Statement Purpose

The CLOSE statement disconnects an external file from a program I/O unit number.

Valid Specifiers

There are several specifiers that can be included in a CLOSE statement. A complete list of all of them and their definitions follow below.


Out of all the specifiers that can be used in a close statement, this is the only on that must appear. The "unit=" followed by a program unit number, or just the unit number, has to be present so that the computer knows what file to disconnect from the program. The unit number used should have been associated with an external file through the use of the open statement earlier in the program.


If used, this specifier will store an integer value in an integer variable placed after the equals sign. The number stored in the variable will correspond to the status of the close operation. If an error occurred while attempting to close the file a positive value will be stored in the variable, while a value of zero will be stored in the variable if no error occurred. If an error did occur, the meaning behind the exact positive value that is stored inside the iostat variable is totally processor dependent. Therefore, to find out the meaning of an error condition you'll have to dig out the Fortran manual for your particular system.


This specifier gives the statement label to which the program should branch to if an error occurred while attempting to close a unit.


Finally, this specifier will dictate what will happen to the external file after it is closed. One of two character expressions are placed after this specifier. First, if the character expression 'KEEP' is used, the external file will continue to exist after it is closed. Second, if 'DELETE' is placed after the equals sign, then the file will be erased after it is closed. By default, the status on all files is KEEP when they are closed, except for files that were open with the file status SCRATCH. Also, since files that were opened with the file status SCRATCH are not meant to exist after the execution is finished, these files can never have KEEP specified when they are closed.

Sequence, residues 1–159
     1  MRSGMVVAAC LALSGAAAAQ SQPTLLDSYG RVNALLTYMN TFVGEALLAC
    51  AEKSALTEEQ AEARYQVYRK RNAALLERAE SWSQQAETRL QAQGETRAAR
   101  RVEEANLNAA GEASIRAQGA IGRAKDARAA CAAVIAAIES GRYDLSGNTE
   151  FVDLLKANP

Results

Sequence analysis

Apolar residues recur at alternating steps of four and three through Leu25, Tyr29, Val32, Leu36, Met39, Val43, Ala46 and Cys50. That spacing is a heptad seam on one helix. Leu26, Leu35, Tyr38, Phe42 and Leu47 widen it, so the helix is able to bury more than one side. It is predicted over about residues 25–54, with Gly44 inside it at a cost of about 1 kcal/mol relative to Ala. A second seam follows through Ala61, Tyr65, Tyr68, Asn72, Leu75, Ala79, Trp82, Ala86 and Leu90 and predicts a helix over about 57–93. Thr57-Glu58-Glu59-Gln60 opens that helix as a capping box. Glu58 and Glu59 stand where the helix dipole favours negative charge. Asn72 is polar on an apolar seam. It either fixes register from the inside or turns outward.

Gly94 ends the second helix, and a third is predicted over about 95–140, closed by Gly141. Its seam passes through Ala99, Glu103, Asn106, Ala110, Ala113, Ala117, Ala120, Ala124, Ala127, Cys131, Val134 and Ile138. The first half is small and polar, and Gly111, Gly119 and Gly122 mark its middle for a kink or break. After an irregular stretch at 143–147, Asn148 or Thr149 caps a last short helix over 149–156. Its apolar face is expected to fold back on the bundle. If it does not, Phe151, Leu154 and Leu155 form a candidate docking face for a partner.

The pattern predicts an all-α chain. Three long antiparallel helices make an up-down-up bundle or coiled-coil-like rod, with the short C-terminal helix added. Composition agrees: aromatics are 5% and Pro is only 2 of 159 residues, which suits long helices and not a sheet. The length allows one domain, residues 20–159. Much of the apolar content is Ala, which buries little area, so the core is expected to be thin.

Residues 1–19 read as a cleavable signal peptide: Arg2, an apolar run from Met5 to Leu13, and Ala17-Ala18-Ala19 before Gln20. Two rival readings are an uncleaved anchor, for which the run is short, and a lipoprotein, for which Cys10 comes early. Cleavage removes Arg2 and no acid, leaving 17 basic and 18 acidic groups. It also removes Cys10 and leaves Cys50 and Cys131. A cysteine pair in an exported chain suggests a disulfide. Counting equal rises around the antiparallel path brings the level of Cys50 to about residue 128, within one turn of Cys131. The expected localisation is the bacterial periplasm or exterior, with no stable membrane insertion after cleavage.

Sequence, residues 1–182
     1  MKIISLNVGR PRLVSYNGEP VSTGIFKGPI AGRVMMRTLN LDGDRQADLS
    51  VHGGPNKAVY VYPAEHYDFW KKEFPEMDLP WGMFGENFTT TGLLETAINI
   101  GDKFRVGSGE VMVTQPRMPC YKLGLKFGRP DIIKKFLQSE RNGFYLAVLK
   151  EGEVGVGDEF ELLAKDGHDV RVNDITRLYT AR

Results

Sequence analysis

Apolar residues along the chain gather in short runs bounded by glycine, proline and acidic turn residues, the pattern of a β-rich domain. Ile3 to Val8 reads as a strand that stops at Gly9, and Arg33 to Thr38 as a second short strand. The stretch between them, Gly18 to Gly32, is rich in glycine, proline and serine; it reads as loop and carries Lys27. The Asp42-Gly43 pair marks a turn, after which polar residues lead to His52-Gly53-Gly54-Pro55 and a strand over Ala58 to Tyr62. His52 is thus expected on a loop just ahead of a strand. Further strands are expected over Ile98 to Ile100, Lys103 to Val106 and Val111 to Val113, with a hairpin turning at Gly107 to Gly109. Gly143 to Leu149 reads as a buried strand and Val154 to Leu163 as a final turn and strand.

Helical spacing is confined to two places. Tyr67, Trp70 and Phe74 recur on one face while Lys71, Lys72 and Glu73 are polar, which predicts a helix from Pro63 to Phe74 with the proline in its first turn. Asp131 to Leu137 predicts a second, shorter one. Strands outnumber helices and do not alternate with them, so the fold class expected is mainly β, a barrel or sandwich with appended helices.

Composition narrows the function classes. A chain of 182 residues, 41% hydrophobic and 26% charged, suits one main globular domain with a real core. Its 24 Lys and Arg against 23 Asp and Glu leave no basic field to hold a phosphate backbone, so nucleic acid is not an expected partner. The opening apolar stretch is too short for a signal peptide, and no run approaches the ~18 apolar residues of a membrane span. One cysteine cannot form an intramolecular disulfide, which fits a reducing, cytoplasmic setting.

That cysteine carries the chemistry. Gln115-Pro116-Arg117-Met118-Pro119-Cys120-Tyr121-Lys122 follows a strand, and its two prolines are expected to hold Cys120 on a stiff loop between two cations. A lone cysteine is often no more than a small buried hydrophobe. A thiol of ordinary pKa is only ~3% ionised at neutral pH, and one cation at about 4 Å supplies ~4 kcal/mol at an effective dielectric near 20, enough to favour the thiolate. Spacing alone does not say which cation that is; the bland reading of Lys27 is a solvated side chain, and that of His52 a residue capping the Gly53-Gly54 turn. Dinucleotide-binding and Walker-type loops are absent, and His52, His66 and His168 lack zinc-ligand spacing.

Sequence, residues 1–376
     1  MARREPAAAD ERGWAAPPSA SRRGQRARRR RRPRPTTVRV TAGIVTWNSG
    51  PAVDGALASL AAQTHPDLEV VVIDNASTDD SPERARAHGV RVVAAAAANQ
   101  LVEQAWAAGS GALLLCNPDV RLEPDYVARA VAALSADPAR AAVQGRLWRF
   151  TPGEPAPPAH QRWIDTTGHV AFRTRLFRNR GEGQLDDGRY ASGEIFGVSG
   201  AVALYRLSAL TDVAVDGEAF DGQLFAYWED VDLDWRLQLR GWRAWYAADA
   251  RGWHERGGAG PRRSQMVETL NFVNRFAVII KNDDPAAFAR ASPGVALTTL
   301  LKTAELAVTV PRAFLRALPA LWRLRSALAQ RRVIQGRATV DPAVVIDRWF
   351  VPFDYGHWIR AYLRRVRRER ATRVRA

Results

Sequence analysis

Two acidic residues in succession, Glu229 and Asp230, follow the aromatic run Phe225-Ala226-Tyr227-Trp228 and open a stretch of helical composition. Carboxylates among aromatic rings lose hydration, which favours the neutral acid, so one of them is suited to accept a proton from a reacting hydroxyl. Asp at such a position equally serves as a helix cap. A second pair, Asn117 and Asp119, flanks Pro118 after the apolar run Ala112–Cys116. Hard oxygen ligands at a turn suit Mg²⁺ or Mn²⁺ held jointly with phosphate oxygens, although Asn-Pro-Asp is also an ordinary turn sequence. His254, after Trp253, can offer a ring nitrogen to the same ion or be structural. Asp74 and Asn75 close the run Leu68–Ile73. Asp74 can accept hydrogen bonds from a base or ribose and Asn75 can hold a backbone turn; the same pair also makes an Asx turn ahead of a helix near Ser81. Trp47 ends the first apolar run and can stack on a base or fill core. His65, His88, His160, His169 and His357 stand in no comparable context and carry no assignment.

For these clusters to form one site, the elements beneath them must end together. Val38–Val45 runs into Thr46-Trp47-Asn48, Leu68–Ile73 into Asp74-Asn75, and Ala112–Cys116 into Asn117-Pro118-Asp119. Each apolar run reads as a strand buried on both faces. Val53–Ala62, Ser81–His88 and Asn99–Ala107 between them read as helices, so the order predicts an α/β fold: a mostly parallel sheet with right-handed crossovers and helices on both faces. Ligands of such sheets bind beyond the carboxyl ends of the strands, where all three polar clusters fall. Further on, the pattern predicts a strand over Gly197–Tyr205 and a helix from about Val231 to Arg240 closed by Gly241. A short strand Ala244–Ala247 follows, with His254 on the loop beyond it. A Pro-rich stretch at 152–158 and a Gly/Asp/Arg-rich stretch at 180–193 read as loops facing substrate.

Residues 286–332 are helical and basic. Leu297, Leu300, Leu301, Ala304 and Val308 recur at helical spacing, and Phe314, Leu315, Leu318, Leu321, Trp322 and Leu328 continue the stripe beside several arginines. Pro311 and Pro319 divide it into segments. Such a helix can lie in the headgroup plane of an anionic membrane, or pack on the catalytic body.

There are a few rules that apply when using the close statement. First, you can specify a unit that was never connected to be closed. In this case the close statement will have no effect. Also, a file that was opened previously with the status SCRATCH can not be closed with the status KEEP. It must be closed with the status DELETE. Another thing that a programmer should keep in mind is that a file that was opened in one program unit does not need to be closed in that same program unit. In other words, if a file was opened in the main program, it could be closed inside a subroutine without any problems. Finally, files do not need to be closed before execution of the program ceases. Any files that remain open when the program is finished are automatically closed.


The close statement usually appears in its simplest form, with only the unit number accompanying the close statement.
For a list of specifiers that the close argument can support read the section on valid specifiers.

For additional examples and information see

lectures thirteen and twenty two

examples: curvefit.f and plot2.f

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Written by Jason Wehr : and Maintained by John Mahaffy :